The Daily Transcript put this question to mayoral candidates Donna Frye and Jerry Sanders: As mayor, what would be your priorities regarding the financing of the city's pension deficit, the funding of long-delayed infrastructure maintenance and the continued operation of core city services?
Our city faces a serious financial crisis. This includes more than the approximate $1.9 billion unfunded pension liability and $500 million in retiree health costs. The financial problems also include a $2 billion infrastructure deficit and a $500 million unfunded needs shortfall, not including police and fire safety needs. In order to address the city's financial crisis in a comprehensive manner, beginning on day one of assuming office I will:
• Support the City Attorney's efforts to immediately cease recognizing illegally-granted pension benefits: Savings: $50 million.
As part of the General Fund budget cuts I will:
• Eliminate Bloated Bureaucracy and Reduce Overhead: Savings: $48 million ($34 million in salaries and $14 million in lower health and pension costs);
• Institute a real hiring freeze: Savings: $12 million
• Reduce use of outside consultants: Savings: $5 million
• Negotiate a management agreement with the State Retirement System to administer the city's retirement assets: Savings: $20 million
• Collect debt owed to city by the Redevelopment Agencies: Savings: $20 million
If, after making all the deep budget cuts, restructuring the pension, and streamlining the bureaucracy, we still need revenues to fund core city services such as police, fire, parks, pools, streets and infrastructure, I will ask the voters to consider a temporary 1/2-cent sales tax increase as part of my comprehensive plan until the current financial deficits are eliminated.
The package would also require a vote by the public for any future benefit increases, establish an annual cap on labor-related expenses, and require that the City Auditor be an elected, rather than an appointed, position.
-- Donna Frye
Candidate for mayor
To address the city's pension deficit, we will need to seek speedy court determination of the legality of employee benefits approved by the City Council in 1996 and 2002. Benefits ruled illegal should be terminated.
My next priority will be to get employee unions back to the table to renegotiate benefits. The focus of negotiations will include developing a schedule for phasing employee contributions to the 50 percent level mandated by the Charter, increasing employee contributions for healthcare benefits, raising the retirement age and expanding the basis for calculation of retirement from the final year of service to the average of the final three years.
Freezing employee salaries and expanded work furloughs will also be necessary until the city is on solid financial footing. If the unions do not make sufficient salary and benefit concessions, laying-off up to 10 percent of non-public safety employees will be necessary to reduce the city payroll costs and fund the pension deficit.
To reduce financial liabilities associated with future employees, I will propose a Charter change authorizing an affordable pension plan that combines a less costly "safety net" defined benefit plan with a new defined contribution plan similar to those offered in the private sector.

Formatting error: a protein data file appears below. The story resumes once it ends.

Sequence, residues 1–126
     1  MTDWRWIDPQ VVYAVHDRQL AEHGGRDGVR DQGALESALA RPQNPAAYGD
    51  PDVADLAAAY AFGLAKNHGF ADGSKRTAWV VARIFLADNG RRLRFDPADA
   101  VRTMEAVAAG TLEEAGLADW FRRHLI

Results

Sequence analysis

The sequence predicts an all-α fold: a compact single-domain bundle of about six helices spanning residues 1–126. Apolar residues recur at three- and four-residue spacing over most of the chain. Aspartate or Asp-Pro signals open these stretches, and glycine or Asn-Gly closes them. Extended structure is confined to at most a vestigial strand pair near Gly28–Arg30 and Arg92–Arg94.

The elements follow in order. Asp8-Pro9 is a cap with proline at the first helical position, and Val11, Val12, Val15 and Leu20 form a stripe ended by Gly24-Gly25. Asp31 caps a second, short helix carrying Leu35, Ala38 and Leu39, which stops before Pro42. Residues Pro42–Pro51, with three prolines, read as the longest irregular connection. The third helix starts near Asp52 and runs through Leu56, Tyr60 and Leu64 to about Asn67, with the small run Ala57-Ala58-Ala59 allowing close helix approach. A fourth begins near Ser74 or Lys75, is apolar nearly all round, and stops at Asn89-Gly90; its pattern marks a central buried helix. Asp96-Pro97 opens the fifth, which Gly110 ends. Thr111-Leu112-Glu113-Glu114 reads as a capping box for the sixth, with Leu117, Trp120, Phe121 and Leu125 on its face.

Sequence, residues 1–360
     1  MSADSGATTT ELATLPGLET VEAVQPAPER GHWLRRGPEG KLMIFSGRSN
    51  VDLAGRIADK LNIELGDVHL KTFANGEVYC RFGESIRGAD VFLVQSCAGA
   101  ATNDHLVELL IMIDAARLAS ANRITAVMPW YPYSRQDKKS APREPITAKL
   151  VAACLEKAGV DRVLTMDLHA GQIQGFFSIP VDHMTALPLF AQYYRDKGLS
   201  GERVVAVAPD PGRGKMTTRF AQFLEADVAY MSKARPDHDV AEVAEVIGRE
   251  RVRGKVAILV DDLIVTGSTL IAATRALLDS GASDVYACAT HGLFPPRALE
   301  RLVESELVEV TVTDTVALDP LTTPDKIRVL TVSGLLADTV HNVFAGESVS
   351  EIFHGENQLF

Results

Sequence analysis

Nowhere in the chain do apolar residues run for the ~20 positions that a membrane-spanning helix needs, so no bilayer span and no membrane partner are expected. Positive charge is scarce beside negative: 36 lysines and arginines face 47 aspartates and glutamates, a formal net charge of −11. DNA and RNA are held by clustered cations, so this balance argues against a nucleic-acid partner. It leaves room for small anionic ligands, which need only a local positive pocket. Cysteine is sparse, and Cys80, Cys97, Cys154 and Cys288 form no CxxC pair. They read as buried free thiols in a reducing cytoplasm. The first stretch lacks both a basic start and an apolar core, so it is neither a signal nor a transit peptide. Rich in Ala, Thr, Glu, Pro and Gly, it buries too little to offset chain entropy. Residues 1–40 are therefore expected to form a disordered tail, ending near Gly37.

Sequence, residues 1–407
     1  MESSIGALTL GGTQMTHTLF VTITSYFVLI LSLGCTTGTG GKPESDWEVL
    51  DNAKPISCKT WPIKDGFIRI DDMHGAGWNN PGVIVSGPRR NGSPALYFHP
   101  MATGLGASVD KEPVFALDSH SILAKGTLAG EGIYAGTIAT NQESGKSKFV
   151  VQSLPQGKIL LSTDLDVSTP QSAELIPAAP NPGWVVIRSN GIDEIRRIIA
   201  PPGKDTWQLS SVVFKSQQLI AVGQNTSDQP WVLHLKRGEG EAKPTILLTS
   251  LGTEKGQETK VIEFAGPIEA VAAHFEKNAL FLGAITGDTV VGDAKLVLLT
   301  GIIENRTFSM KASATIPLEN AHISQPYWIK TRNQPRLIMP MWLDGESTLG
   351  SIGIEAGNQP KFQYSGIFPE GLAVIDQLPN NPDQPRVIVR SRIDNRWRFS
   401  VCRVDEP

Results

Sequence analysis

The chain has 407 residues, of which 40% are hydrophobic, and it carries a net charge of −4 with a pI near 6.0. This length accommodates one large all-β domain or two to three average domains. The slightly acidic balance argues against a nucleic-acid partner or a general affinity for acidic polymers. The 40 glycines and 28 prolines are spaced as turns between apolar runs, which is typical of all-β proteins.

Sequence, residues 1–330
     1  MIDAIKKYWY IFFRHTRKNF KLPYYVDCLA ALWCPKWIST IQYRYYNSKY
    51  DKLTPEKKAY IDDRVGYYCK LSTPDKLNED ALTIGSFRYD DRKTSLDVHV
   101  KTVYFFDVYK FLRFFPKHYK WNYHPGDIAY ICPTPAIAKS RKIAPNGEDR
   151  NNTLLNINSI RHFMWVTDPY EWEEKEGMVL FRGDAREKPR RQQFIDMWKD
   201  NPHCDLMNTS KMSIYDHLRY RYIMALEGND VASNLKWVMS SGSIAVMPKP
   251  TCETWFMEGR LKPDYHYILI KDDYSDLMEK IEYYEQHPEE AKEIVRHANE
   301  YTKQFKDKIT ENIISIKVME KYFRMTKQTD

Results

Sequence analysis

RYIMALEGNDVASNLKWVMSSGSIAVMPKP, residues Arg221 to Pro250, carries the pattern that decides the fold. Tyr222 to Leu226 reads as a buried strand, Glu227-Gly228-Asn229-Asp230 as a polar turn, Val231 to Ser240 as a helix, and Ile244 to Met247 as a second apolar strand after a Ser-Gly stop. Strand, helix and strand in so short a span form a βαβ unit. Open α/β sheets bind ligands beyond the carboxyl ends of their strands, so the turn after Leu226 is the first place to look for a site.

The voters will also be asked to establish a requirement that city-funded pension benefits cannot be increased without approval from a majority of the electorate.
In addition to the contingency of laying-off 10 percent of non-safety city employees, I will eliminate approximately 100 management positions to reduce costs and future year liability to the pension system.
Simultaneous with efforts to reduce personnel-related costs, I will seek voter approval of a Charter change to permit contracting out of appropriate city services that can be performed more economically and efficiently by the private sector, saving millions of dollars each year.
Finally, to free up additional funds, we will restructure the Real Estate Assets Department to ensure effective management of city holdings, and identify non-essential property that should be liquated. A policy for utilizing one-time land sale revenues for one-time capital and other non-recurring expenditures, not to plug holes in the city's operating budget will also be established.
In addressing the city's pension deficit with the steps outlined above, we will restore Wall Street's confidence, enable the city to return to the bond market and bond for neighborhood infrastructure.
Additionally, I propose redirecting Community Development Block Grant (CDBG) revenues for their original intent -- to support infrastructure programs within CDBG eligible communities - instead of the city council pork barrel program it has become.
Core city services
By reducing costs and eliminating duplication of efforts, we will create an organization that is more responsive to our citizens' needs. I will achieve this by shrinking mid-management and program manager classifications, consolidating and centralizing support functions such as public information, human resources, financial management and information technology. The result will be a flattened, customer-oriented organization responsive to the citizen's needs. The goal of my plan is to maintain core city services with an emphasis on public safety. I flatly reject my opponent's premise that without a tax increase basic city services will need to be cut.
-- Jerry Sanders
Candidate for mayor
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